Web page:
How to be taken seriously as a young small business owner
So you have a great business idea and the passion to see it succeed, but your age is proving a barrier? Here’s how two young and savvy entrepreneurs built credibility.
If anyone knows what it takes to be taken seriously as a business owner it’s teen entrepreneur and Freedom Scrub founder Ali Kitinas. She exploded into prominence in 2017, billed as one of Australia’s youngest CEOs. She was even mentored by billionaire Richard Branson, after being chosen for a mentoring program for other young entrepreneurs.
“I’ve always gotten a lot of weird looks being a young person in business. It’s tricky because I’d walk into an event aged 11 and 12 and get weird looks,” she recalls.
“When I walked into meetings with corporates, all they saw was a teenage girl and all of the prejudices that come with that.”
Unfortunately, there’s no silver bullet when it comes to being taken seriously, Kitinas says. But there are some tips to speeding up the time it takes to earn respect.
1. Don’t let negativity get you down
Kitinas’ number one tip for young businesspeople is to not let the negativity get to you.
“Follow your heart, stay true to yourself and let them see for themselves what you can accomplish. At the end of the day if people don’t agree or support you, that’s their issue,” she says.
For example, when first starting out, Kitinas remembers going to networking events and people not giving her the time of day.
“One day my mum was actually asked: ‘Could you not find a babysitter to care for her?’ My mum just said to her, ‘Why don’t you go and have a conversation with my daughter, and then come back and tell me what you think?’,” recalls Kitinas, who now employs her mum as operations manager.
“The biggest way you can overcome the issue of not being taken seriously or not being respected in business is just to continue doing what you’re doing and show people the proof in the pudding.”
2. Seek advice
Kitinas’ next tip is: don’t be afraid to ask for advice.
“It can seem daunting because we are young and we want to be taken seriously, but it takes a lot of courage to look to someone for advice,” she says.
Kitinas admits this can be tricky because you don’t want to seem vulnerable or show that you have weakness.
“But I think there’s a lot more strength in asking for help than there is weakness. Not asking people for help when you really need it can be to the detriment to yourself personally and emotionally, and in business as well,” she says.
3. Don’t underestimate the power of your business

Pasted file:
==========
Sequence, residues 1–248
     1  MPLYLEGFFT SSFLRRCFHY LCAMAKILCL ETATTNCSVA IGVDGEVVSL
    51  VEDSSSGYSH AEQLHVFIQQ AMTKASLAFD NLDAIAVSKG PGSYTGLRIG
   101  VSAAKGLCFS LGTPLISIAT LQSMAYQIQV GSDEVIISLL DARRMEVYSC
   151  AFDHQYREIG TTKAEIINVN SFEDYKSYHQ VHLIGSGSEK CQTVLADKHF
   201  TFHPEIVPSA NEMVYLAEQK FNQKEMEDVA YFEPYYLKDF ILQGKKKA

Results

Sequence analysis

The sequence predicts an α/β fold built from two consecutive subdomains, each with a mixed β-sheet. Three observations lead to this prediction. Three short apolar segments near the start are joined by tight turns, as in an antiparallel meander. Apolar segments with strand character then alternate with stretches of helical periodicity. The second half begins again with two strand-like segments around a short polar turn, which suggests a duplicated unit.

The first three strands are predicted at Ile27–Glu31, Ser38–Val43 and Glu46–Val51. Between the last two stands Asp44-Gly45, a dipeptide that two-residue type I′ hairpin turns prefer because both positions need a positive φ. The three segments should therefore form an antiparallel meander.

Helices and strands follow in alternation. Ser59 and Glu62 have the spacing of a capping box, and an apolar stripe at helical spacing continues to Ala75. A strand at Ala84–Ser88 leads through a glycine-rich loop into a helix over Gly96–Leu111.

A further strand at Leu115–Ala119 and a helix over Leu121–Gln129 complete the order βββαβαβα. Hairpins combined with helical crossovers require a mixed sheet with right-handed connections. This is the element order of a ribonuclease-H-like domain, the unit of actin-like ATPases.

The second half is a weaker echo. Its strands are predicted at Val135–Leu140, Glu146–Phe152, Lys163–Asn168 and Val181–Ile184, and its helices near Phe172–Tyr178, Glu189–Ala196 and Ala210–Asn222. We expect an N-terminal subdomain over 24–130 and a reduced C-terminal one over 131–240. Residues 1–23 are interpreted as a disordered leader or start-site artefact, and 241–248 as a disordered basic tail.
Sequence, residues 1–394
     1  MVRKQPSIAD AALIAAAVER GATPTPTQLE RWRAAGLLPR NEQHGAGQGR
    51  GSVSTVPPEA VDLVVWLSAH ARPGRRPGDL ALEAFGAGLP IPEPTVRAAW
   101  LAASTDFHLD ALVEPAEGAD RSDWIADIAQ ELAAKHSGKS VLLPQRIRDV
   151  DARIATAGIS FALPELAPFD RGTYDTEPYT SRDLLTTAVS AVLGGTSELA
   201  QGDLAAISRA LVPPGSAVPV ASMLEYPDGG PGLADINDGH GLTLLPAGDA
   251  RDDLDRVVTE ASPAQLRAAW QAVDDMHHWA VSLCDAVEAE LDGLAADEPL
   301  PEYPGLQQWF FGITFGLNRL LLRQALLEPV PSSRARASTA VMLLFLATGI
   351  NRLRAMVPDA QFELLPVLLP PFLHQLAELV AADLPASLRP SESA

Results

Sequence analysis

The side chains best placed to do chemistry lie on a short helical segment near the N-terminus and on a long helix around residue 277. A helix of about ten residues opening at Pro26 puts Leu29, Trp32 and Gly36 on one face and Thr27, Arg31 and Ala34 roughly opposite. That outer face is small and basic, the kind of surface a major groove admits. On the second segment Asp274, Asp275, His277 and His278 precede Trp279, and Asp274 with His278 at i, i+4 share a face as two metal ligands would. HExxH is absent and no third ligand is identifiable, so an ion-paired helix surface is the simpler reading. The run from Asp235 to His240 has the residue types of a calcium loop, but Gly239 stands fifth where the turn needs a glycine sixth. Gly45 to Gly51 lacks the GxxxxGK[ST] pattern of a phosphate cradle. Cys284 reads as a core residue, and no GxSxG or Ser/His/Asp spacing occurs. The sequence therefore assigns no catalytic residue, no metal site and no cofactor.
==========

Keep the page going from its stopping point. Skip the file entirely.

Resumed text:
Kitinas’ third tip is to never underestimate the power that your business has to create a bigger impact socially.
“We’re starting to learn that businesses have probably one of the largest roles to play in making a positive impact in the world,” she says.
For example, the coffee grinds used in Freedom Scrub are ethically sourced through direct trade. And for every Freedom Scrub purchased, funds go towards providing health care and medical services for children living in the streets and slums of Kolkata, India.
“I think a lot can be said for people that do place those social values first. And I think that does gain a lot of respect,” she says.
4. Have a strong online game
AMR Hair & Beauty CEO Ammar Ahmad, 29, also started building his business empire when he was a still a teenager.
While the company boasted $24 million revenue in 2017, Ahmad says he struggled to even get a meeting with suppliers when he was establishing his business.
“They all thought I was too young. They’d ask ‘who’s backing you? Where’s the money going to come from?’,” Ahmad recalls.
As a result, Ahmad says the only way he could initially score a meeting with potential suppliers was by reaching out and building rapport over email, which he complemented with a strong online presence.
“Don’t show your face until it comes down to it. And then on the day of the meeting, you just have to convince them to place an order there and then,” Ahmad says.
5. Leverage your existing network
Once you’ve established yourself a little more in your industry, Ahmad recommends leveraging your network to open more doors.
“I networked with some of the biggest distributors – they were older, had been in the industry for a long time and were from different countries – so we weren’t in direct competition,” Ahmad recalls.
“I’d get them to put a word in for me and say, ‘hey, this guy’s really big in Australia. You’ll make a mistake if you don’t sell to him.’”
Ahmad says you don’t even have to do business with these contacts – a simple friendship is all it takes.
“But you can’t ask them for it straight away – you’ve got to build up a relationship where you’re also helping them,” he says.
Remember, age is just a number
At the end of the day, age is just a number, says Kitinas.
“It doesn’t matter whether you are 12 or 20 or 60 or 80 – it’s never too early or late to start anything that you’re passionate about, whether that’s business or studying or some other career path,” she says.
“And if there is anyone trying to stop you from achieving your dreams because of your age, that’s where the problem lies. The problem doesn’t lie with you.”
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